The last time NIH saw nutrition research as a high priority was during the Carter administration, when Donald Fredrickson, a renowned expert in lipid metabolism, was the director. At that time, nutrition research coordination was housed within the director's office, the nerve center of NIH.

“We were working at a very high level,” said Artemis Simopoulos, who coordinated nutrition research at NIH at the time, adding that there was high-level political interest on Capitol Hill following media reports of widespread hunger in America. After seeing subsequent leaders lose interest in the topic, Simopoulos left NIH in 1985.

In the early years of the Clinton administration, NIH moved its nutrition coordinating office from the director’s office to the National Institute of Diabetes and Digestive and Kidney Diseases, a branch that supports research on a range of common chronic illnesses.

No one POLITICO interviewed could recall exactly what prompted the move in 1993. Other research areas have been reorganized over the years, but typically to create a new institute or center. Sidelining the leadership of a cross-cutting issue like nutrition made little sense to those working on the issue inside and outside NIH, especially now when diet is known to help prevent so many of the chronic diseases ailing the country.

“It’s a hell of a lot easier to coordinate from the position of the office of the director than from within an institute,” said Paul Coates, former director of the Office of Dietary Supplements at NIH.

NIH contends that many agency-wide areas of research are “successfully coordinated” by its institutes and centers without oversight from the Office of the Director. One example is a brain research initiative, the agency said.

Today, the size of the NIH office coordinating nutrition research is dwarfed by those overseeing narrower topics: just four staff work in the nutrition coordinating office (two are part-time), while 26 work in the dietary supplements office, which is responsible for studying the effects of vitamins, minerals and herbal remedies. The nutrition office is now located off-campus, requiring employees to take a shuttle to get to important meetings — a geographical symbol of its status.

“It’s been whittled down to almost nothing,” said Mande, the Tufts professor who worked at USDA during the Obama administration on food safety and nutrition programs. “Things are heading in the wrong direction.”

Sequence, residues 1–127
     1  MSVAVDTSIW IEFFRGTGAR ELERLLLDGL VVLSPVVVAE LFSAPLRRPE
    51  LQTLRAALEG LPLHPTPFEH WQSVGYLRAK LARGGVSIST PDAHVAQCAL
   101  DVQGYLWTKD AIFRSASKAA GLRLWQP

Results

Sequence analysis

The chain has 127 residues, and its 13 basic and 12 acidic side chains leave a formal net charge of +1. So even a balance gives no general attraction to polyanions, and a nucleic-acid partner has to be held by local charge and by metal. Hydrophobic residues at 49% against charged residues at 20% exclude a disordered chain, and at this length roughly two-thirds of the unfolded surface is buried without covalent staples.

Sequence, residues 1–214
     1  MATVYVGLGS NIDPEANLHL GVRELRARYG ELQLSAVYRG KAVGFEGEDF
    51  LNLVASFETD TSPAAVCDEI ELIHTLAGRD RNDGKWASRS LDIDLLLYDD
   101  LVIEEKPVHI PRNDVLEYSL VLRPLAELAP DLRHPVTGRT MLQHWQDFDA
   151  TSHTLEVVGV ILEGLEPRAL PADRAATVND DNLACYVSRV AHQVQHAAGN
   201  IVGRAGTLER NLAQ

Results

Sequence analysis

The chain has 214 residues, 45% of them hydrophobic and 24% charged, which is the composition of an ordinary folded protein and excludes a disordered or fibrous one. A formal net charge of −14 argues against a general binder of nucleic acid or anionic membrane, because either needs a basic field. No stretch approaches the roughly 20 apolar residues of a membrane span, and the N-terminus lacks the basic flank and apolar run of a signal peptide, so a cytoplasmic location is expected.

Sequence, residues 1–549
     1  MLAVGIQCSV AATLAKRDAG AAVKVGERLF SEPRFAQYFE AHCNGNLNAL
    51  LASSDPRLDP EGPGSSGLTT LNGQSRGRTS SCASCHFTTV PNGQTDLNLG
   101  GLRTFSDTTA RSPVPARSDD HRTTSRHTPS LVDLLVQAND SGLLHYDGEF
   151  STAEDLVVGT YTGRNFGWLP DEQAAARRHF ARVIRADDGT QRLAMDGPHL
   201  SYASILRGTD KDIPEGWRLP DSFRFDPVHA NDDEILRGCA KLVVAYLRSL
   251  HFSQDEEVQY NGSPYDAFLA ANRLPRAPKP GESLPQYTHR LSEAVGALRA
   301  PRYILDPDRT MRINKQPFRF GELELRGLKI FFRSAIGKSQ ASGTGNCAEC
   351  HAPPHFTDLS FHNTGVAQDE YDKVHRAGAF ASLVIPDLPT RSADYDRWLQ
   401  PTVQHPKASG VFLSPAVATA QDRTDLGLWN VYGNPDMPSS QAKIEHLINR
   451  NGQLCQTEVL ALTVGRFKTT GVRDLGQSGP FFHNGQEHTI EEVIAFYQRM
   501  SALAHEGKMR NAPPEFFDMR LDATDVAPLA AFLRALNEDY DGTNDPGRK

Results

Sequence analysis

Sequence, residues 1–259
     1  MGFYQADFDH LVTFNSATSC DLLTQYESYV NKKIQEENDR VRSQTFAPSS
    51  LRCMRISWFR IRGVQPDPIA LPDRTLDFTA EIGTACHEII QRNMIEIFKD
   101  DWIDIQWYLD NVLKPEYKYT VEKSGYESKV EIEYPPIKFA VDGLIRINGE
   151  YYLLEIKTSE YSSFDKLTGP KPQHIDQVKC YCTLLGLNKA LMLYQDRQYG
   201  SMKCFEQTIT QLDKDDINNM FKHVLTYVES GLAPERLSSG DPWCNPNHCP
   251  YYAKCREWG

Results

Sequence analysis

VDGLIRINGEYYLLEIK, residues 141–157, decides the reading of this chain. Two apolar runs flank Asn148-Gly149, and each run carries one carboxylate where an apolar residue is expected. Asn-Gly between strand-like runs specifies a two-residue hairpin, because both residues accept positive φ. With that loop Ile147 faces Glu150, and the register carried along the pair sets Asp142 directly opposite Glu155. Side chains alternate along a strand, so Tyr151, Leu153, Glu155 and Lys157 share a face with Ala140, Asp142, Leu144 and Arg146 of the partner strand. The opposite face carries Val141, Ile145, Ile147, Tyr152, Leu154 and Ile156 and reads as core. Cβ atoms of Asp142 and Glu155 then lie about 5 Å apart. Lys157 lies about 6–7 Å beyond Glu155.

Several years ago, amid first lady Michelle Obama’s public fight against childhood obesity, NIH also quietly completed a long-planned transition away from supporting the nearly 80 general clinical research centers across the country, where many groundbreaking human studies on nutrition, physiology, metabolism and other fields have been conducted.

For decades, NIH had awarded special grants to teaching hospitals and academic institutions so these research centers could hire trained staff like nurses and dieticians, and maintain beds for participants in clinical trials. These centers conducted rigorous, highly controlled feeding studies and other research that profit-driven industries like drug or food manufacturing wouldn’t benefit from funding. They also attracted young researchers who didn’t have enough resources to recruit and pay staff or rent out a facility.

“There are certain kinds of research that is done nowhere else, like nutritional research,” said David Nathan, director of the clinical research and diabetes centers at Massachusetts General Hospital and a professor at Harvard Medical School. “Pharma doesn’t support that because there is no drug to be sold.”

Before the elimination of these clinical research center grants, Mario Kratz, an associate professor in epidemiology and medicine at the University of Washington, said he could conduct a well-controlled dietary intervention study in which all food was provided to participants over four months for about $12 a day per person. Now, because he has to pay for the facility and research staff salaries, the cost has shot up tenfold.

Theoretically, investigators could request this higher amount from NIH directly to pay for a specific research project. However, most NIH grants are effectively capped at $500,000 — a threshold that has not increased in a decade — and are no longer sufficient to cover the costs of most clinical feeding studies.

“It has made it impossible for me and my colleagues to propose these types of studies,” said Kratz, who also works at the Fred Hutchinson Cancer Research Center in Seattle, where he studies dietary interventions and cancer prevention. “It’s now cost-prohibitive. I think nutrition feeding studies were an unintended casualty.”